15 Things Most Baby Boomers Remember

“Recording vinyl to CD” by rocknroll_guitar is licensed under CC BY 2.0

Baby Boomers have seen a lot of changes in their lives—like going from black-and-white TV to streaming shows online. A calculator was a big deal back then, but now they might have a smart speaker like Alexa. Now, these people are getting older and becoming grandparents. They have memories of a time that won’t happen again. Here are 15 things most baby boomers remember!

Test patterns on TV

“Digital TV Test Pattern” by Bernie Goldbach is licensed under CC BY-NC-ND 2.0

Back in the ’50s and ’60s, TV stations used to stop broadcasting each night—usually around midnight. They’d play the national anthem before going off air. Then, instead of shows, they’d show a test pattern on the screen. It basically meant the TV was still working, but there wasn’t anything on. Sometimes, you’d hear a fuzzy sound or simple music along with it.

Milk delivery straight to your doorstep

“Guida Siebert Dairy Milk Delivery Truck tractor trailer!” by JeepersMedia is licensed under CC BY 2.0

Back in the 1960s, around 30% of milk was delivered straight to people’s homes, where baby boomers enjoyed it with their Froot Loops. Milk delivery folks, often called milkmen (or women), had set routes and would bring not just milk but also cream and other dairy stuff. Nowadays, a few special dairy companies still deliver to homes, but having a milkman visit every house like before is a thing of the past.

Popping open cans with pull tabs

“Pull tab on a can of Coca Cola” by MoHotta18 is licensed under CC BY-NC-ND 2.0

When you open a can of soda nowadays, the metal tab just stays put on the can. That’s called a push tab, a tidy improvement over what baby boomers dealt with when they were younger. Back then, cans had “pop tops,” also known as pull tabs. You had to fully remove the pop top to open the can—and folks would just toss them on the ground or drop them into a half-finished can. 

Watching Neil Armstrong step onto the moon

“24. A television split-screen shot shows President Richard Nixon in the Oval Office speaking with the Apollo 11 astronauts on the moon as Buzz Aldrin and Neil Armstrong walk on the lunar surface, on July 20, 1969.” by manhhai is licensed under CC BY 2.0

On July 20, 1969, Neil Armstrong made history by taking one small step for man, one giant leap for mankind. Many young baby boomers and hundreds of millions of others watched in amazement. Later on, younger generations have seen the Apollo 11 moon landing on old TV reruns or in movies. But since most Gen Xers were too young to remember it happening—it’s mainly up to baby boomers to share this incredible event live.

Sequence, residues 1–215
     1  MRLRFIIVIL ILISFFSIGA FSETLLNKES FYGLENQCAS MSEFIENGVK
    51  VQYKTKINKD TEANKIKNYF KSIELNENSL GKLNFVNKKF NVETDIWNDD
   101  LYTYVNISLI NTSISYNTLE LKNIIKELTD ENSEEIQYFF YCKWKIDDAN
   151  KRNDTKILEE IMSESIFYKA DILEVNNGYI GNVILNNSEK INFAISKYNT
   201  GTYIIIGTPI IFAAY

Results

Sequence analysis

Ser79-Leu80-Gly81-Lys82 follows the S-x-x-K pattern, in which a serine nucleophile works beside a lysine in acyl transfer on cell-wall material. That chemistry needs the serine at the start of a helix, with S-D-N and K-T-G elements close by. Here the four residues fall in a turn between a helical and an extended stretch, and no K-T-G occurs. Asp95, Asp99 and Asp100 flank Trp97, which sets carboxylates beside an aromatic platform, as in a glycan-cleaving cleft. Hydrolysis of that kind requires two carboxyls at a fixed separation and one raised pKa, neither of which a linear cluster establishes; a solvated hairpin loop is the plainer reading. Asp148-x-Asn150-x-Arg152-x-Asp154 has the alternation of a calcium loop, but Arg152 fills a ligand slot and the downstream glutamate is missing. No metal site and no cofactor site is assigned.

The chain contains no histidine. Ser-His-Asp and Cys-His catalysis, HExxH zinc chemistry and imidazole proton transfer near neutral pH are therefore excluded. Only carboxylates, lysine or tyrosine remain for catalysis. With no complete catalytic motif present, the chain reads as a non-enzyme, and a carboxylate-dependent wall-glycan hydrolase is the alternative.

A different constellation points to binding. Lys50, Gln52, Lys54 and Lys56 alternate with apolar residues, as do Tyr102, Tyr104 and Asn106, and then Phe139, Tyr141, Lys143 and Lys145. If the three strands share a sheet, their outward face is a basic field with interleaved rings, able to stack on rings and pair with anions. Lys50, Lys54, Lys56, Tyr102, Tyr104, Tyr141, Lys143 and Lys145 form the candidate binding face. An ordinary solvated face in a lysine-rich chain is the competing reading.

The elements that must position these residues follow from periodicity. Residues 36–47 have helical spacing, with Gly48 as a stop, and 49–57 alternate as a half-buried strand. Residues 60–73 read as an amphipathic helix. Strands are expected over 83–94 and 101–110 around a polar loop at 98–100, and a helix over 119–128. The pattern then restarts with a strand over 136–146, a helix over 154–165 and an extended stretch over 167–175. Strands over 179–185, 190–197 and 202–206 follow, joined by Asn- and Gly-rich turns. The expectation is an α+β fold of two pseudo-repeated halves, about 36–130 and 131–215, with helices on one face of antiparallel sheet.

Being part of “The Mickey Mouse Club” craze

“The New Mickey Mouse Club – Front Cover” by rharkness is licensed under CC BY-NC-ND 2.0

“The Mickey Mouse Club” aired from 1955 to 1959, and many baby boomers wished they could join the show as Mouseketeers. They dreamed of singing and wearing mouse-ear hats and shirts with their names on them. Only a handful of the original Mouseketeers became famous in Hollywood, but all of them are remembered fondly by baby boomers who watched them on TV. The show was later brought back for newer generations to enjoy.

Getting swept up in Beatlemania

“y2.d63 | beatlemania” by B Rosen is licensed under CC BY-ND 2.0

If you were part of the excitement of “Beatlemania” in the 1960s, you’re most likely a baby boomer. Is there a group of names more famous than John, George, Paul, and Ringo? The Beatles shot to worldwide fame around 1963—and their massive fan following became legendary. Since then, Beatles fans have never stopped loving their music.

Witnessing the thrilling ‘Miracle on Ice’

“home of the miracle on ice.” by row4food is licensed under CC BY-NC-ND 2.0

The 2004 Disney movie “Miracle” might have filled in younger folks—but nothing compares to witnessing the “Miracle on Ice” as it unfolded in 1980. On February 22 of that year, the U.S. hockey team pulled off the unimaginable by defeating the seemingly unbeatable Soviet Union team in the semifinals of the 1980 Winter Olympics in Lake Placid.